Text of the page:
Corporations cannot commit treason, nor be outlawed, nor excommunicated, for they have no souls - Sir Edward Coke
TELECOM EQUIPMENT OUTFIT Nokia-Siemens has admitted its role in aiding the Iranian government crackdown on demonstrators after the country's disputed 2009 elections.
The demonstrators who relied on mobile phones to coordinate their protests were tracked down through equipment that Nokia-Siemens flogged to two Iranian mobile operators. During a European Union parliamentary hearing on human rights and information technology a spokesperson for the firm admitted that it supplied the Iranian telecom firms with monitoring equipment.
In the meeting Nokia-Siemens head of marketing and corporate affairs, Barry French asked for help from MEPs to "navigate in these challenging times".
While French maintained that the equipment supplied by the company was part of legal requirements set out by the European Union (EU), he added that "We [Nokia-Siemens] deplore the use of this technology against dissidents." Later he added that the firm had learned its lesson to the extent that it had pulled out of the "monitoring centre business".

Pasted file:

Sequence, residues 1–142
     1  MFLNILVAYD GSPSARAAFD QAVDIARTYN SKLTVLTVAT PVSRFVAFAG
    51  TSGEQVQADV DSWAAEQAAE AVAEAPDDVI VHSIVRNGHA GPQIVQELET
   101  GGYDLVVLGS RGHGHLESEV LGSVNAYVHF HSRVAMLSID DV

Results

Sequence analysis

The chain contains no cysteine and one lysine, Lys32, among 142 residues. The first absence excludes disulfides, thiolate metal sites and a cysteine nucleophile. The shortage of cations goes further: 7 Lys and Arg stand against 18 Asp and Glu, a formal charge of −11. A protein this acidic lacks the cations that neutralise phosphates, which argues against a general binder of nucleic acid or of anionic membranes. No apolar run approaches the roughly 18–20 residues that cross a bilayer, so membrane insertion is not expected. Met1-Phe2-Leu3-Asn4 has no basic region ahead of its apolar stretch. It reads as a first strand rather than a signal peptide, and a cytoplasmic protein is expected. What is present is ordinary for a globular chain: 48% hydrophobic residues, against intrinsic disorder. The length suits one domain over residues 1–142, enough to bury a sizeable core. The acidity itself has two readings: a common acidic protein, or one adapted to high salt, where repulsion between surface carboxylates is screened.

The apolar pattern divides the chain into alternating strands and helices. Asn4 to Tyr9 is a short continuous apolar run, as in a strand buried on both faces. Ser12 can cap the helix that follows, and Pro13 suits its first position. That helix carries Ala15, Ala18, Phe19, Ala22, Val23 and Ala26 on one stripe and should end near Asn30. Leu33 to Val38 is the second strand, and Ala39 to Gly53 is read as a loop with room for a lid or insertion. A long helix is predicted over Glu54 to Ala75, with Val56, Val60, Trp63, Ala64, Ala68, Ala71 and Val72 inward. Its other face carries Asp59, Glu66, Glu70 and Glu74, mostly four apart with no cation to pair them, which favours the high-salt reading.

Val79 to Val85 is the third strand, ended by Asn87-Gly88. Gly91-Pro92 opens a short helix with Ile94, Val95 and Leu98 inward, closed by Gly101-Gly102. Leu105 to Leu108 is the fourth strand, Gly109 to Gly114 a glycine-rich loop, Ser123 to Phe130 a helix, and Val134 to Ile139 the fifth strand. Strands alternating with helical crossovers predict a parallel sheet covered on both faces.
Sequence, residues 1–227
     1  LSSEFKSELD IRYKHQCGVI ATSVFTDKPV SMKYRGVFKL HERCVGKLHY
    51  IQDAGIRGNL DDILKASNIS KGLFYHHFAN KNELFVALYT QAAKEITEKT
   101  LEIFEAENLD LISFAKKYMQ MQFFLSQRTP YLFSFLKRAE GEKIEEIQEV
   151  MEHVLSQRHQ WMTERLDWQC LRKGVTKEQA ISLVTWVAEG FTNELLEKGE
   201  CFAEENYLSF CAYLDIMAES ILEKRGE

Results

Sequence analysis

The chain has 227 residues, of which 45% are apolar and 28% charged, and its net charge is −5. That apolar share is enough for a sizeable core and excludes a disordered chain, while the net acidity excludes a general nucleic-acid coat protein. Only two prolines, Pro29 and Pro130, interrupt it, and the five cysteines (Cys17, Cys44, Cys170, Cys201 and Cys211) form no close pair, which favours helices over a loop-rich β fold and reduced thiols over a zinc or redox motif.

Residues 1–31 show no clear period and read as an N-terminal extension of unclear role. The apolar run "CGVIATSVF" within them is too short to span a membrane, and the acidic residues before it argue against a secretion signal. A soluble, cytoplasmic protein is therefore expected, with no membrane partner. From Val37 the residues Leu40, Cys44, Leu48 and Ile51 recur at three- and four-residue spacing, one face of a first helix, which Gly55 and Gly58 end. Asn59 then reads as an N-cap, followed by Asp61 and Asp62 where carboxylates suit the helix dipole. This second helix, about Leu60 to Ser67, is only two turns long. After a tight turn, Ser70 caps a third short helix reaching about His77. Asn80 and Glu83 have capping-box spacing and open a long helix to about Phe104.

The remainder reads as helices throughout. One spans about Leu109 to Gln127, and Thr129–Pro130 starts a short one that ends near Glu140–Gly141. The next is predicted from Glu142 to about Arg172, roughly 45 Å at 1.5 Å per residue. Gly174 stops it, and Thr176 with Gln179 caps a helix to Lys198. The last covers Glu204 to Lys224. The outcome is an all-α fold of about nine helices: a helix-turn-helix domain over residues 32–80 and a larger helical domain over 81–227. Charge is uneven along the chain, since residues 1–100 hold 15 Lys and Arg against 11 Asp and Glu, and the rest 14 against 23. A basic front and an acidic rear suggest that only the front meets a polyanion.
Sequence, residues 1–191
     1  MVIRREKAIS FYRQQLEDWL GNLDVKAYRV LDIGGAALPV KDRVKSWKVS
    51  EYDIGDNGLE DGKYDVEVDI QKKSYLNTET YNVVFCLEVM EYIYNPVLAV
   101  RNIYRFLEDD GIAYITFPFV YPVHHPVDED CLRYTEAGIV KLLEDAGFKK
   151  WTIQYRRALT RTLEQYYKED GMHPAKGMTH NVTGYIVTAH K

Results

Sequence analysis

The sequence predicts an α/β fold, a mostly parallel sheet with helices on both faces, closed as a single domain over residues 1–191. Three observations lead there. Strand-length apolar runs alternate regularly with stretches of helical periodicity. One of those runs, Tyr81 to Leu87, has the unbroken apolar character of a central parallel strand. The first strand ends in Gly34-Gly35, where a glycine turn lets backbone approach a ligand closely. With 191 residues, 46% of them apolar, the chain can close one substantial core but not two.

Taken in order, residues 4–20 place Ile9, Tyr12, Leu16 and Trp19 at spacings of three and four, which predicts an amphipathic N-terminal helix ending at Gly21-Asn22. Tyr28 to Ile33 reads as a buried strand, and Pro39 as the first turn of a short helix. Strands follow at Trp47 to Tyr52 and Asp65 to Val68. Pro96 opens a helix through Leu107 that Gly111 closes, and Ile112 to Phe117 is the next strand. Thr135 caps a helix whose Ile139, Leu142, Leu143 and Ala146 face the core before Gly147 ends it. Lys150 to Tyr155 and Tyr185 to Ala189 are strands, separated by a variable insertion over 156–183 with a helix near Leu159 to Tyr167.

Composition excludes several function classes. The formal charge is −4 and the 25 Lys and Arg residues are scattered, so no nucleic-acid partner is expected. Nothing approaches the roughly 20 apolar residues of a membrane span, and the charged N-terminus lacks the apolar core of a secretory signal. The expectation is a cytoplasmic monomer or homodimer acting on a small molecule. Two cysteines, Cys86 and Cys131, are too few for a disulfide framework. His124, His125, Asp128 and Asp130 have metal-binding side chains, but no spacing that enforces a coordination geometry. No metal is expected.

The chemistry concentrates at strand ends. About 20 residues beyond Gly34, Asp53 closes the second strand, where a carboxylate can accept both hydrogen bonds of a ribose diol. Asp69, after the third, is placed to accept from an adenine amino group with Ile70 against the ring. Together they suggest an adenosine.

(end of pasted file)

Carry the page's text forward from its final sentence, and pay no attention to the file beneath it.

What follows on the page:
Despite French's statement, the firm still offers passive monitoring, which typically requires coppers to obtain warrants before any surveillance is undertaken. French justified this by saying that such technology helps law enforcement agencies track down suspected criminals, presumably like those viewed by the Iranian government.
That said, Nokia-Siemens should be applauded for doing something that few large corporations do, by openly admitting to a serious mistake and seeking help from regulatory bodies. It is urging the EU to establish a code of conduct that all telecom equipment suppliers such as itself will have to abide by. µ
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